Data is constantly sucked from our devices, collected, stored, and fed into marketing algorithms, but what else is it used for?
Financial institutions are looking for ways to leverage the mass amounts of data collected in their applications to enhance the customer experience and streamline transaction processes. In conversation with head of retail banking and funds at ING, Matteo Pomoni, Finextra learned how banks are looking to deliver a hyper-personalised and accessible banking experience for consumers by using data as their not-so-secret ingredient.
How to manage and secure customer data
There is a wealth of digital data that is extracted from the customer, which increases exponentially on a yearly basis. Pomoni explains that to utilise the sheer amount of data collected through the numerous data points in applications and online processes, they must ensure that the information is shared in relevant areas throughout the organisation. “We are trying to make sure that there is a direct connection in all the feedback that we receive, which is properly cascaded to flow to the product owners, who really make an impact on the front end for the clients,” he says.
Pomoni continues that the multiple points of contact throughout the banks many channels all include customer feedback surveys that are processed in real-time. This information is then integrated into a framework of external sources, such as Net Promoter Score (NPS), which ING uses to benchmark their performance against their competitors. By running these consistent evaluations, ING is leveraging information to create a full view of their impact and improve where it is needed.
Ensuring security and effective management of customer data is a complex, granular process Pomoni states: “When you have an omni-channel experience, it means that you need to have a consistency of data across the different channels that you are using. It's much easier to secure the data when they are siloed on a single channel, but when you have these open platforms, like most of our offerings, you need to have a specific security across the different data points to make sure that the data is properly managed and stored. Security is one element that we need stay on top of because it is what our clients are expecting from us.”
Why customer engagement is enhanced by Super Apps
The age of digital payments and transactions have arrived as a tidal wave to the payments industry, and banks are aware that the expectations of consumers has also drastically increased alongside it. Delivering satisfactory customer experience was at an entirely different level five years ago compared to what consumers expect from the market now.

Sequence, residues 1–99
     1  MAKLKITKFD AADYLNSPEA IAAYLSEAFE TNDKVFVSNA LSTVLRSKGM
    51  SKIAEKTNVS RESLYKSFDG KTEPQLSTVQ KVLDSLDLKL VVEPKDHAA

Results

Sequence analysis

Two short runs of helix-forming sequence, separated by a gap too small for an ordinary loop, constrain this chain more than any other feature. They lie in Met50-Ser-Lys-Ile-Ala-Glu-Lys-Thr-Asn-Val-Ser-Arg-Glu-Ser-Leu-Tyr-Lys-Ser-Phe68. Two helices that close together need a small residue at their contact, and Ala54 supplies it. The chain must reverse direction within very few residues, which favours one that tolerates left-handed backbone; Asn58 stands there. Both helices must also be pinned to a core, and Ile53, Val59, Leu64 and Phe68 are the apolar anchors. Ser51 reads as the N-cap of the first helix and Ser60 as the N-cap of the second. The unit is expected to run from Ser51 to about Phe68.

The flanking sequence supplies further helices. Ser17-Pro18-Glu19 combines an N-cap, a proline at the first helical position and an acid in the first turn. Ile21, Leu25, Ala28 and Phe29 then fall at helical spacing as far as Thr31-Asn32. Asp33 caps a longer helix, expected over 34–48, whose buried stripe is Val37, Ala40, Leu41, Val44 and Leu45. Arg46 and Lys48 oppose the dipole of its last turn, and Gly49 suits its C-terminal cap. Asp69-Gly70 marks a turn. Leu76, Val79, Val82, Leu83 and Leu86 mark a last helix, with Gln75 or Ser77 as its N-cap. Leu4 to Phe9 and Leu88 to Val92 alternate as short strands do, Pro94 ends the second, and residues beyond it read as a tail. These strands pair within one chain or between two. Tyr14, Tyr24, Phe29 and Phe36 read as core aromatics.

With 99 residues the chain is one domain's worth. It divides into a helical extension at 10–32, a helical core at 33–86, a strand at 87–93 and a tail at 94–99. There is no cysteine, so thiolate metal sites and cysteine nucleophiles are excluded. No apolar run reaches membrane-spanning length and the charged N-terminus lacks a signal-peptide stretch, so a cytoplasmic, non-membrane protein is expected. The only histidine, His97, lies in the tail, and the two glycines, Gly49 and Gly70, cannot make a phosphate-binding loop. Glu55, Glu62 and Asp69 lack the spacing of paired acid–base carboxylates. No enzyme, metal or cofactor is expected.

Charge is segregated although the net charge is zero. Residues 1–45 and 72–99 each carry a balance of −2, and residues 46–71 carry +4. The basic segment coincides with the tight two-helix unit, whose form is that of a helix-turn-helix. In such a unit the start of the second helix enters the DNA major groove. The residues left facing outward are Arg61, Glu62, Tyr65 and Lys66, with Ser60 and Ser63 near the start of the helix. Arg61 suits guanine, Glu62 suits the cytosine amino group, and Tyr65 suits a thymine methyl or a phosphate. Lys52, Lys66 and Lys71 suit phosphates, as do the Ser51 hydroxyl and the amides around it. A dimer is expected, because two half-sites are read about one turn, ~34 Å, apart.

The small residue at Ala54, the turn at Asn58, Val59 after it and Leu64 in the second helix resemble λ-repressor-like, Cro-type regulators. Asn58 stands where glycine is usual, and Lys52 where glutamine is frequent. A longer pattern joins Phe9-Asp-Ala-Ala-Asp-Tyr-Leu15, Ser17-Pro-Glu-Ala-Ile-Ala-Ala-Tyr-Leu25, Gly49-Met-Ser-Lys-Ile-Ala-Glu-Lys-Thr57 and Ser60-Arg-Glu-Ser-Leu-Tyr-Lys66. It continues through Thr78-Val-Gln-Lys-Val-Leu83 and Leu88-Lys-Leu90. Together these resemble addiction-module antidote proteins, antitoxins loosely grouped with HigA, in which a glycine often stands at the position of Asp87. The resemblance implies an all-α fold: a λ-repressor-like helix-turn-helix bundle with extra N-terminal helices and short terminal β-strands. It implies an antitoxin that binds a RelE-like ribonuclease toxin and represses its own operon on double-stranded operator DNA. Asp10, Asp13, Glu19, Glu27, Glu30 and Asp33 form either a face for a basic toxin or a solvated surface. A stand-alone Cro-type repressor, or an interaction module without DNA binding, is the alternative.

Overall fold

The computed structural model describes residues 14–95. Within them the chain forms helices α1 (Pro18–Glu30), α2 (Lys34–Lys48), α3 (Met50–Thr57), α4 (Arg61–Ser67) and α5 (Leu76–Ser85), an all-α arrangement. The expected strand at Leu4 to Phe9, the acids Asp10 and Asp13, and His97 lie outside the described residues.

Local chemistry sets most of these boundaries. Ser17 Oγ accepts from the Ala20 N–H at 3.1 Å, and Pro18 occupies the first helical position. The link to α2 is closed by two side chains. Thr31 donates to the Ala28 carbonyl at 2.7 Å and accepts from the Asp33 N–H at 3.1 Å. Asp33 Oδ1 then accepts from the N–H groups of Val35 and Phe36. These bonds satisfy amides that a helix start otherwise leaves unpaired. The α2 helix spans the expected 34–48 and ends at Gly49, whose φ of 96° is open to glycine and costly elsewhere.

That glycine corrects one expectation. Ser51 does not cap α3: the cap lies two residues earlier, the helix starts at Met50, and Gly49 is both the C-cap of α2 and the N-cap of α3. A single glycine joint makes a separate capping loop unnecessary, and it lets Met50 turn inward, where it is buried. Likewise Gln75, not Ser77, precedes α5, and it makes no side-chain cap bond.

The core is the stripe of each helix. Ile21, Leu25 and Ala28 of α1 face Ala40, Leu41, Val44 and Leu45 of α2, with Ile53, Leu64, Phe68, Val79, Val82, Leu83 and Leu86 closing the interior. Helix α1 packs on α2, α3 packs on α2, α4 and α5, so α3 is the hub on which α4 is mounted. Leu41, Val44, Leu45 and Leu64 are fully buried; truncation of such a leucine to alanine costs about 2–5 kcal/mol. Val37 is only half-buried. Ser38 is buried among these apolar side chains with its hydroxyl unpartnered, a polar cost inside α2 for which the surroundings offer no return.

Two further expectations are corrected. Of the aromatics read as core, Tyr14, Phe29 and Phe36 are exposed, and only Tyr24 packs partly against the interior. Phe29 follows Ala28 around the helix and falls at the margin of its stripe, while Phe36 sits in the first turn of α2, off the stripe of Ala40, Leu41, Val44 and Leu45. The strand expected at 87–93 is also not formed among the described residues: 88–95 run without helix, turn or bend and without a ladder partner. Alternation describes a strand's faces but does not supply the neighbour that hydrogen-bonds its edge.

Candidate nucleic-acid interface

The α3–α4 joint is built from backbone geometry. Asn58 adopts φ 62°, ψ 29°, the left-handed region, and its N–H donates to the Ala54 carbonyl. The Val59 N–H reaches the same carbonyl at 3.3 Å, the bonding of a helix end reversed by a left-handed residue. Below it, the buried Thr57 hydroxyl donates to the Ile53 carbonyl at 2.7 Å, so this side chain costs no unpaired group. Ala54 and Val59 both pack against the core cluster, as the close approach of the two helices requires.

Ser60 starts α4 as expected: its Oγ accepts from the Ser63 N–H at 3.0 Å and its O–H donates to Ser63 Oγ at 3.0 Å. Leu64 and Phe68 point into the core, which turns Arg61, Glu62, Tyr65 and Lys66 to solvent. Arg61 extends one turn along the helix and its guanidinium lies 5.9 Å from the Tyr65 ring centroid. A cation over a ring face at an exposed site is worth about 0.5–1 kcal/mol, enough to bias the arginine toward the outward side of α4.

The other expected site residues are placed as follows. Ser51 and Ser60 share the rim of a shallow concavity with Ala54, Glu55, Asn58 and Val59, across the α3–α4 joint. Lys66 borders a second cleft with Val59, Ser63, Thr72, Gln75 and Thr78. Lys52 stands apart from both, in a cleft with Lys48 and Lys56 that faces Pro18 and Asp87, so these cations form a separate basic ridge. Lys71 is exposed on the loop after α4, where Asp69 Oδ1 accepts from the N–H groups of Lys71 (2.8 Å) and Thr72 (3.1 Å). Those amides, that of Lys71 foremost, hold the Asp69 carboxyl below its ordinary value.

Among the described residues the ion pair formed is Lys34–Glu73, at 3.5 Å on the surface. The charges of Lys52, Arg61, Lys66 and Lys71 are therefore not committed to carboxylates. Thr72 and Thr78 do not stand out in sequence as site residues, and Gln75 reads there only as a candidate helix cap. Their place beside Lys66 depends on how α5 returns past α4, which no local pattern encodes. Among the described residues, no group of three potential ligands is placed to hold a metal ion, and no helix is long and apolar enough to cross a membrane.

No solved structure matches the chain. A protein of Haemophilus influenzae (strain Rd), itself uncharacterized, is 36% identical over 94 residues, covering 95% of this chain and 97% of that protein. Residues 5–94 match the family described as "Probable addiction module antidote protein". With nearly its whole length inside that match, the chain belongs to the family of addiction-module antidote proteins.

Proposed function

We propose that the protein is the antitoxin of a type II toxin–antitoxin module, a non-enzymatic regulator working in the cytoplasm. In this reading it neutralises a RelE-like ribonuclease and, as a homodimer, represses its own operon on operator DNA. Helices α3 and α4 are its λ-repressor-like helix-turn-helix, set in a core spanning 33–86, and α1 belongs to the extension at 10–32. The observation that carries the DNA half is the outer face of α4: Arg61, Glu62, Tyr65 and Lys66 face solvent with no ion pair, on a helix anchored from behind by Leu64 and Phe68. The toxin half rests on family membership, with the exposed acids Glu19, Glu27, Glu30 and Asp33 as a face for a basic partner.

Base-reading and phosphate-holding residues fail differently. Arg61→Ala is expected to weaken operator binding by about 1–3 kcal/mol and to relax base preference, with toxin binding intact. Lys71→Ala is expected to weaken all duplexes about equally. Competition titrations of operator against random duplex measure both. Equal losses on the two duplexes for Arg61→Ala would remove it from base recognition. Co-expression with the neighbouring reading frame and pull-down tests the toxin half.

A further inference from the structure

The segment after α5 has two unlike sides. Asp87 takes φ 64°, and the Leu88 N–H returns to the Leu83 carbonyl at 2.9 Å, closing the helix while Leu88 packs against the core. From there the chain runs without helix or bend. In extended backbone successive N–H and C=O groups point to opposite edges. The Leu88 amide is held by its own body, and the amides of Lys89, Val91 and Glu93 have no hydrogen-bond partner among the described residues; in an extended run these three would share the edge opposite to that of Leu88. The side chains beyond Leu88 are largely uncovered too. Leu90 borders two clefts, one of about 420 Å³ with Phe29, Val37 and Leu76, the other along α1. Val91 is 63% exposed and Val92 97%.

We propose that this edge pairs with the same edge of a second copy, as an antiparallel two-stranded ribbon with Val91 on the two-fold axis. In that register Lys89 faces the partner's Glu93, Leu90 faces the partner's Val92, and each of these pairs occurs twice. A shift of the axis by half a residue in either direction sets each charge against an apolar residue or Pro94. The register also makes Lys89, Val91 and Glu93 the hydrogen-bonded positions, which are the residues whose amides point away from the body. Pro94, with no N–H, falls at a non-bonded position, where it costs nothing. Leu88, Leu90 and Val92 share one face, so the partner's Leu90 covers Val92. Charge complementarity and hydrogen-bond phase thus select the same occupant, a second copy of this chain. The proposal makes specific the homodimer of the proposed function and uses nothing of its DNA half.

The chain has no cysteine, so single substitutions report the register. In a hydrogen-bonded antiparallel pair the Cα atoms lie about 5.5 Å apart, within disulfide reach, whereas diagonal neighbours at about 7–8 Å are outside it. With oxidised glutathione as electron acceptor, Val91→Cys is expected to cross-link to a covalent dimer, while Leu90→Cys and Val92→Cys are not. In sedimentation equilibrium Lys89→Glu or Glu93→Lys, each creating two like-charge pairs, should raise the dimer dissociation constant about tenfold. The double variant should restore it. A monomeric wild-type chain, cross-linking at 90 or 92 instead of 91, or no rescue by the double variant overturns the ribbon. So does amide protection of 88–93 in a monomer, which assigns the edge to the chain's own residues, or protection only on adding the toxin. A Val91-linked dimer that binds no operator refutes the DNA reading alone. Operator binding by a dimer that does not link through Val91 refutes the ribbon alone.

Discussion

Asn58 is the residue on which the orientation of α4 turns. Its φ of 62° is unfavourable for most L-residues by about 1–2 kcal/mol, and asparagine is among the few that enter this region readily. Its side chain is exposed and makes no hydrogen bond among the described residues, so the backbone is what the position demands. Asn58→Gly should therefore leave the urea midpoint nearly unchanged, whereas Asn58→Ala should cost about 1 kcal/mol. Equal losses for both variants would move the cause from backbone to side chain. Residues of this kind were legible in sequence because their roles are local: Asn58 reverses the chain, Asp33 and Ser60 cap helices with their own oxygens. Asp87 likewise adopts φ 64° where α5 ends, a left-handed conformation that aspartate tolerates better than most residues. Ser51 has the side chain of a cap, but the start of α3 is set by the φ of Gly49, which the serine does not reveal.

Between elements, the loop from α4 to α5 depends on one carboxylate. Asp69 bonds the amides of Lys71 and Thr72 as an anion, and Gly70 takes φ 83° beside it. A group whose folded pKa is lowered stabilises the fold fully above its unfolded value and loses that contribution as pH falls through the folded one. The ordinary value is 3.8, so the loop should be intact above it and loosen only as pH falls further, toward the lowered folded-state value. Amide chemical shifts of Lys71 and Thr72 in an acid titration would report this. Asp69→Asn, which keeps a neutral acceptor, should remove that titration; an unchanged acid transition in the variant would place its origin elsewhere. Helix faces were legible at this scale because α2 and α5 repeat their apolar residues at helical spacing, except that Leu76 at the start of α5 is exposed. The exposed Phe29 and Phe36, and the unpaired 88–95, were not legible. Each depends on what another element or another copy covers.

Pomoni explains that the advent of Super Apps such as Amazon or Booking.com has evolved the rate at which services are personalised: “If financial institutions want to have a real connection with their clients, they need to make sure that their customer experience start from these Super Apps. We need to be where clients make their retail decisions to help them and to engage with them. That is another expectation that we need to fulfil. A good example of this is the partnership that we recently launched together with Amazon in BEL, where customers of ING in Belgium can now benefit from up to 11% cashback on Amazon.com.be. “
Being able to provide specialised discounts or offers with large purchases on these Super Apps is what sets leading financial institutions apart by being involved with their customer-base and anticipating what they want.
On customer expectations, Pomoni states that Big Tech sets the standards for digital experiences, and banks need to be at par to impress consumers. However, he emphasises that the challenge lies in being able to match customer expectations whilst retaining compliance to regulatory frameworks.
Pomoni closes by outlining the two main core strategies at ING: to maintain sustainability in every aspect of the brand, and to deliver superior customer experience in personal, instant, and well-connected customer experience for clients.